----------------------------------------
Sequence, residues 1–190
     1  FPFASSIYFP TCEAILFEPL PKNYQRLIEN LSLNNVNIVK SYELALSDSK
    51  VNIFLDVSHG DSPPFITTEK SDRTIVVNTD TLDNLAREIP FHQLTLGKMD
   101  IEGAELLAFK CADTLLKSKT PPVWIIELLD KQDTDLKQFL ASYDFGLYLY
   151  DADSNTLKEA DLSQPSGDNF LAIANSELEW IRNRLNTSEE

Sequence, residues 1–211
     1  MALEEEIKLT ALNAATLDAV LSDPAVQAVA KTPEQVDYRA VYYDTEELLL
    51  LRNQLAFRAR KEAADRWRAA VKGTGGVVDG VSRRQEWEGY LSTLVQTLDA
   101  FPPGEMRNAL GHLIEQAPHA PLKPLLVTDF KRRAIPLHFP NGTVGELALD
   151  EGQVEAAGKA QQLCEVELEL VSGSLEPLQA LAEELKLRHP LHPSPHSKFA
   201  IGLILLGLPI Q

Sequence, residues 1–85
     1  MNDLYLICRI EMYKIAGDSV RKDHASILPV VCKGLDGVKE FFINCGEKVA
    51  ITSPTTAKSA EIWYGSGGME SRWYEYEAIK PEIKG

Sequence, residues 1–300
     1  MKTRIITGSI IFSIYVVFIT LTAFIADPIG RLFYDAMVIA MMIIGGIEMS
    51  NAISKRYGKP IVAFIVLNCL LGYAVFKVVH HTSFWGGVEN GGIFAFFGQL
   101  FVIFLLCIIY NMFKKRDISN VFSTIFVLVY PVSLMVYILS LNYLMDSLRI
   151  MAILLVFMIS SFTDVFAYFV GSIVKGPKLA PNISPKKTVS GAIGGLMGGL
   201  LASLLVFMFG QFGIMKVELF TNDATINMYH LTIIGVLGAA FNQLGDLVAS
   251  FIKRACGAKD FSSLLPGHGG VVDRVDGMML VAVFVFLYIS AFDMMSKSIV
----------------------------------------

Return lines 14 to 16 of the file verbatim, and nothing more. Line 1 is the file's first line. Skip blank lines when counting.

    51  ITSPTTAKSA EIWYGSGGME SRWYEYEAIK PEIKG

Sequence, residues 1–300
     1  MKTRIITGSI IFSIYVVFIT LTAFIADPIG RLFYDAMVIA MMIIGGIEMS